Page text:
On the air we’ve discussed the Coleman/Franken recount process on many occasions. Those conversations include frequent suggestions that we develop a different process for elections, adopting a new approach like an “instant runoff” or “top-two runoff” to determine the victor. My contention has been that neither of those approaches would have helped us avoid the current dilemma, which is that the election was too close for us to determine a winner.
Before Franken supporters start hurling curses my way, understand that I am not questioning the legitimacy of his victory. This is our system and, going through the process we have established, he won. The same goes for George Bush in Florida in 2000. In both instances, the elections were too close to call and recognizing that would have allowed us to pursue a clearer result.
What I am talking about is math. This may matter to me more because of my days in engineering school, where they drilled the concept of “significant digits” into my head. The idea of “significant digits” goes something like this:
A road lane is 12 feet wide. If we have two lanes, that makes the surface 24 feet wide. It is not, as our calculators like to tell us, 24.000 feet wide. In other words, our ability to measure in that instance is in feet, not the thousandths of a foot.
If we wanted to measure the distance between my home north of Brainerd and the KAXE studio in Grand Rapids, we might get out a map and count the miles as listed in red. That would be around 80 miles. We could also go to Google Maps, which says it is 81.6 miles. We could get a surveyor to run a loop between our locations, and if they were extremely meticulous they might be able to say that it is 81.57 miles. We could get a highly accurate laser measuring device and that might be able to tell us the distance is 81.57234 miles.
Our method of counting ballots is somewhere between Google Maps and our meticulous surveyor in terms of precision. That is actually quite impressive for a human endeavor involving literally hundreds of unpaid volunteers. And it is a good system. In nearly every election held, this method works very well. I would not change it today, largely because the extremely high cost to achieve laser-measuring precision would be unjustified in nearly every instance. Why would we spend billions on a laser measuring the distance to Grand Rapids when Google Maps will get us the precision we need at no cost?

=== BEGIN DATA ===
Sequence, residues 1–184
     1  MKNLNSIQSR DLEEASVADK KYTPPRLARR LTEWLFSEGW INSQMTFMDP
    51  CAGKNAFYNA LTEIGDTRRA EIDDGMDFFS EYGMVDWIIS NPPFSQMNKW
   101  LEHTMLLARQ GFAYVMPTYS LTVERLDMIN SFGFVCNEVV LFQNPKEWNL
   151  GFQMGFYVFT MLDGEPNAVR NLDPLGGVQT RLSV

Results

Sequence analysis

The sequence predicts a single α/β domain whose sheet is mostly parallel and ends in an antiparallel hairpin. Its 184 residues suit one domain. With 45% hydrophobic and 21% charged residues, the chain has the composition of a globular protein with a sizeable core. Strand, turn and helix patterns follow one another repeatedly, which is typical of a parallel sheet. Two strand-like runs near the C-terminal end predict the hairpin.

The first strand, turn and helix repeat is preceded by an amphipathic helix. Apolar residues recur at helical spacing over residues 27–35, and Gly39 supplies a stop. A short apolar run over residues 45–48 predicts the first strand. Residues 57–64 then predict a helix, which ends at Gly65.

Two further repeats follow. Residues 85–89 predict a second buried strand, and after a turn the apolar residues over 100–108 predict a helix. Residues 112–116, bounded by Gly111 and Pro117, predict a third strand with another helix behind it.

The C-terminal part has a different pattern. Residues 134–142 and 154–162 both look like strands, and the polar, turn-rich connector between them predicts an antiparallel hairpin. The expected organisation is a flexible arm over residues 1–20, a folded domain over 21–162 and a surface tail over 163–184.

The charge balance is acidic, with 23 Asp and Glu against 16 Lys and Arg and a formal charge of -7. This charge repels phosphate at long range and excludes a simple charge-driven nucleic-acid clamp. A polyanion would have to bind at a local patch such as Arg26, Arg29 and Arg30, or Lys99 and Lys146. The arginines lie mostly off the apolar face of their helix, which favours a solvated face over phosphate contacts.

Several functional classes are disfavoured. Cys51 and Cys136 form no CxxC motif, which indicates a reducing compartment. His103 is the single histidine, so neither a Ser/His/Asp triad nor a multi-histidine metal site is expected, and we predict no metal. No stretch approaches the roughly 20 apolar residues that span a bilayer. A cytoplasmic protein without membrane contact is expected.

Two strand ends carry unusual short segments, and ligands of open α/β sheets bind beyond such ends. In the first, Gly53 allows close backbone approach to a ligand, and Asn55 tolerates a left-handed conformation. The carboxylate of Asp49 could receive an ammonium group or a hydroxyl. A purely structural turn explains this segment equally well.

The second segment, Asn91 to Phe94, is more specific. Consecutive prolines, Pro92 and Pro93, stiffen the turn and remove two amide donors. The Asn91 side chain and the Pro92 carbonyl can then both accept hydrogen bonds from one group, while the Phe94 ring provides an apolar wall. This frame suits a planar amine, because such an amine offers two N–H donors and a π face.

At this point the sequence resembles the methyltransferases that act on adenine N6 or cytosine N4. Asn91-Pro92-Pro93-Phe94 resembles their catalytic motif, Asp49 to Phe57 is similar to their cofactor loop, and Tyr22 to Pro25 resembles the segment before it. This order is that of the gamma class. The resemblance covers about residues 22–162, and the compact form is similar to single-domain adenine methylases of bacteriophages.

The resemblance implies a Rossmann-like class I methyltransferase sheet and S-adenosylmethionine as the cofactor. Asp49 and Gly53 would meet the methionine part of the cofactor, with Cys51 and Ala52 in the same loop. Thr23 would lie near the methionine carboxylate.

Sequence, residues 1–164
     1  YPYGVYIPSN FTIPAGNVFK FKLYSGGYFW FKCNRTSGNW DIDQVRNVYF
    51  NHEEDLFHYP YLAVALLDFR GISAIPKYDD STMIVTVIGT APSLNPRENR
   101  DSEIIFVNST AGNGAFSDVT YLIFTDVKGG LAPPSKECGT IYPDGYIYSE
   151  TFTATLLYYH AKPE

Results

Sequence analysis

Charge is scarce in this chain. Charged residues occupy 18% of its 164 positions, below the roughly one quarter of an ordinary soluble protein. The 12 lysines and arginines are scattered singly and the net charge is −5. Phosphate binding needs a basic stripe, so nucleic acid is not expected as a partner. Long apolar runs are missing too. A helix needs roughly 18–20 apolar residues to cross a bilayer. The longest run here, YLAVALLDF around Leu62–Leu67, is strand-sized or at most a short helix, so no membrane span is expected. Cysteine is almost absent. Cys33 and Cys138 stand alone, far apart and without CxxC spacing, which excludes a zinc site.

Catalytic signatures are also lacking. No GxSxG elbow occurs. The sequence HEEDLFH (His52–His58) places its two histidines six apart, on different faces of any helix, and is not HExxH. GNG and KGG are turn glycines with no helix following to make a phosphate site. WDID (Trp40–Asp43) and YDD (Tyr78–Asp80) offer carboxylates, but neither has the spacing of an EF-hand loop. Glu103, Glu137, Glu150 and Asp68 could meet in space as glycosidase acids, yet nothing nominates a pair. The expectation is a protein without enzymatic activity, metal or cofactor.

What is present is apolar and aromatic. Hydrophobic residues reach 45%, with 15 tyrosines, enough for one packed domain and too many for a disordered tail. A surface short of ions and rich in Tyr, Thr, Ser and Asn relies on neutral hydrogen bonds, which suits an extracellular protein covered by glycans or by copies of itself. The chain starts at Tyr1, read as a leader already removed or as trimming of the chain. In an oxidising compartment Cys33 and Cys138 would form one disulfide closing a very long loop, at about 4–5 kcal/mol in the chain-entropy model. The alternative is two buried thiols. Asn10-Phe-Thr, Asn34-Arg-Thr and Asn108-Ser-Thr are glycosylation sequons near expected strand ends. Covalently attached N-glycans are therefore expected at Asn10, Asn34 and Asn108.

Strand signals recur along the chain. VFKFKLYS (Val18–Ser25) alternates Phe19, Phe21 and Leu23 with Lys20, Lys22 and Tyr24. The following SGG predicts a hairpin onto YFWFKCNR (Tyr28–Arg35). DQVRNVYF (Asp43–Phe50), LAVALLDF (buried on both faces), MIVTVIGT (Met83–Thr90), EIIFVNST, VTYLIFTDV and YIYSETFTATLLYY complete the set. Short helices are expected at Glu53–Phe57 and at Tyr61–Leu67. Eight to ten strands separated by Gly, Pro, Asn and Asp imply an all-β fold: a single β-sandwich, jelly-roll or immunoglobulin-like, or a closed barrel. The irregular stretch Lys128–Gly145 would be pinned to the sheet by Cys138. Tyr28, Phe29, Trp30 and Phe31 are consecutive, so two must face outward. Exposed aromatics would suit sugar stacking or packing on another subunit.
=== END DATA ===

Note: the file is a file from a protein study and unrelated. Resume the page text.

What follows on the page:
Consider that the final official count was 1,212,206 for Coleman and 1,212,431 for Franken, a difference of 225 votes. That is a difference of 0.0093%. We all saw how people marked their ballots in crazy ways, ballots were (I believe innocently) misplaced, recounts varied from original counts, etc…. Understand that if we did a third count, we would get a different number. That number would be 1,212,xxx, with the xxx being where our precision fails us.
So what do we do about elections like Coleman/Franken 2008, where the result is too close to accurately measure? We simply rerun them. We agree ahead of time that our system has limitations, we have a reasonable degree of accuracy that we can have confidence in, we establish that degree of accuracy in a bipartisan way prior to the election and, if the election results wind up to be too close to call, the remedy will be a do-over.
With that approach, we would have saved ourselves seven months, millions of dollars and we would not have the acrimony we have today, where partisans bristle over the legitimacy of one outcome or another. To me, that is not only Minnesota Nice, it is Minnesota Smart.
Chuck Marohn is the President of The Community Growth Institute in Brainerd a regular commentator on KAXE's Morning Show